Article / 25 September 2011 at 20:42 GMT

Europe merely one of the potential powder kegs this week?

John J Hardy John J Hardy
Head of FX Strategy / Saxo Bank
Denmark
The European sovereign debt crisis is the main focus at the moment – but what if it is just one powder keg in a room full of others?  

A great column on the challenges facing the EuroZone from the FT's Wolfgang Munchau here over the weekend (Zero Hour for the Euro) describes how "on a purely technical level, the Euro Zone crisis can still be solved", but that the root of the problem is one of political will - can the Euro Zone politicians and all member countries work together with sufficient cooperation and speed to get ahead of the curve – and as Munchau states, “even if Europe’s leaders were to come together tomorrow and agree on all the necessary steps to end the crisis, they would not have solved it until they could demonstrate that they enjoyed full political support.” 

After all, the promises to do something at the recent G-20 notwithstanding, we've still got the spectacle of infighting over the EFSF expansion and Greek bailout from over two months ago that has yet to be approved or implemented. Meanwhile the problem has migrated to the threat of a full core meltdown as Italy is already in dire straits and France seems not far behind. Time has run out and the market knows that and issued its strong warning last week. 

But while the situation in Europe is the almost all-consuming main plot and European politicians are likely going to step up with a new level of response to the problem (though the market is still leading them by the nose and uncertainty remains how a new bailout framework would sit on the domestic front once it is attempted), there are a couple of other menacing subplots in the background. 

These subplots were laid bare by the UBS rogue trader affair – the systemic risk induced by violent market moves. At UBS, one loan trader fiddling with derivative instruments with inherent risk he obviously underestimated, destroyed the bank’s entire quarterly profit, apparently on a Swiss franc bet that soured in the face of the SNB’s massive step intervention. 

This last week, key markets that have receive intense macro focus over the last few quarters went haywire: gold tumbled a vertigo-inducing 175 dollars, silver lost 10 dollar an ounce and copper fell about 75 cents a pound – it’s worst week, since, well, ever. In currencies, USDMXN, to take a prominent example from the emerging market segment, traded a 115 big-figure range. It was also a week that saw Goldman Sachs announced it was halting its Global Alpha hedge fund due to disappointing results – you know it’s time to be scared when even the “evil empire” can’t make a dime on macro themes. After the tremendous volatility this week, the CME also bumped its margin requirements higher over the weekend, which could squeeze leveraged longs even more.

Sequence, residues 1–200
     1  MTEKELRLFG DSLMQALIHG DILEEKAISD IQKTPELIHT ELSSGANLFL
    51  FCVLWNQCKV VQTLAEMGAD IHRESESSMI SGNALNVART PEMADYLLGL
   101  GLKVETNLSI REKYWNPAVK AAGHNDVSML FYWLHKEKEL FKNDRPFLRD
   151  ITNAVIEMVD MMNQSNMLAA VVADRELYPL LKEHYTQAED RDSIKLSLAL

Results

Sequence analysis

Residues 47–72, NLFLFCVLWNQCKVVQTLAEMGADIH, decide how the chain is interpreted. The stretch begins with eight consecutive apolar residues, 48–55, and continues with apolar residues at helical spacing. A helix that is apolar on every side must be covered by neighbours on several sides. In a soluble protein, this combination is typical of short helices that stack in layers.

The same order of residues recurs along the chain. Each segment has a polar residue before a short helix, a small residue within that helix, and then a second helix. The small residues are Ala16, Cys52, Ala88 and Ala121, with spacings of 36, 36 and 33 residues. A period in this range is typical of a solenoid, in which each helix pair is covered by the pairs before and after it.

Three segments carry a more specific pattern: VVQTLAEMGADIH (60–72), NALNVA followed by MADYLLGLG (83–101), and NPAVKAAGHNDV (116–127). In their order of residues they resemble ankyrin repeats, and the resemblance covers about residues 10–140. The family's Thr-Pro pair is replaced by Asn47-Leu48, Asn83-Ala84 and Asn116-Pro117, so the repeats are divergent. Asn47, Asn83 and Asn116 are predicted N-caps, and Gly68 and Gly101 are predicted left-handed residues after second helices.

The point is, imagine what kind of carnage these kinds of moves might be inflicting on derivatives portfolios out there across the hedge fund and prop trading universe and the potential for further emergency liquidation if this doesn’t soon reverse.   And on that front – consider the flawed idea of the zero sum in OTC derivatives (great Zero Hedge piece on this over the weekend that explains the dangerous assumptions related to “bilateral netting”. A basic example that gets to the heart of the problem is this – let’s say gold is trading 1900/oz. and I buy a 2-week, 1700-dollar put that someone is willing to write me for 1 dollar an ounce, since it looks like sure money considering the enormous distance to the strike price. I’m a big player so I buy USD 100 million notional – i.e., I have the right to sell  100 million ounces of gold at  1700/oz. at the expiry date.  In the world of “zero sum” there is no net risk to the market as the two transactions “net out”. But if gold drops to 1500/oz. over those two weeks, we have suddenly created the need for a USD 20 billion payout for my options. That’s the kind of danger lurking out there – that these moves don’t just nix a large bank’s profits for a quarter, but that they render a large player completely insolvent and/or set off a chain reaction. (The reason the US decided it had to bail out AIG.)

More specifically on the copper front, imagine what kind of damage the fall in the copper price is doing to the copper-based collateral credit market in China – could this move induce emergency selling of millions of tons of copper and create a new round of financial havoc in China.? The market is rather opaque, but the outlines of the situation have been clear enough from various corners that something obviously went “snap” last week when copper pushed through 3.90/lb. Stay tuned.
 
This piece is not intended to induce panic, but merely to hopefully show the potential dangers lurking at the moment, not just from the Euro sovereign debt crisis – but the fact that it may be just one powder keg in a room full of other kegs – setting one off can instigate a financial chain reaction.

Now, more than ever, stay very careful out there until the dust settles.

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